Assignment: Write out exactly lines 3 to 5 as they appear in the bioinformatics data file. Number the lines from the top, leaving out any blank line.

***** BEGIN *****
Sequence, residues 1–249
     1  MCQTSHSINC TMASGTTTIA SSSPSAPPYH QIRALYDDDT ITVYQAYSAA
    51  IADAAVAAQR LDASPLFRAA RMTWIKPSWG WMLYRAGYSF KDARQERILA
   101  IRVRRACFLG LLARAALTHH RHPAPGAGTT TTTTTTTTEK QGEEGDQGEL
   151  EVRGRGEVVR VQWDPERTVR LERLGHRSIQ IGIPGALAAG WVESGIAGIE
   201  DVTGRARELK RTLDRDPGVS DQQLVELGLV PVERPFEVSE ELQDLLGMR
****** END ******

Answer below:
    51  IADAAVAAQR LDASPLFRAA RMTWIKPSWG WMLYRAGYSF KDARQERILA
   101  IRVRRACFLG LLARAALTHH RHPAPGAGTT TTTTTTTTEK QGEEGDQGEL
   151  EVRGRGEVVR VQWDPERTVR LERLGHRSIQ IGIPGALAAG WVESGIAGIE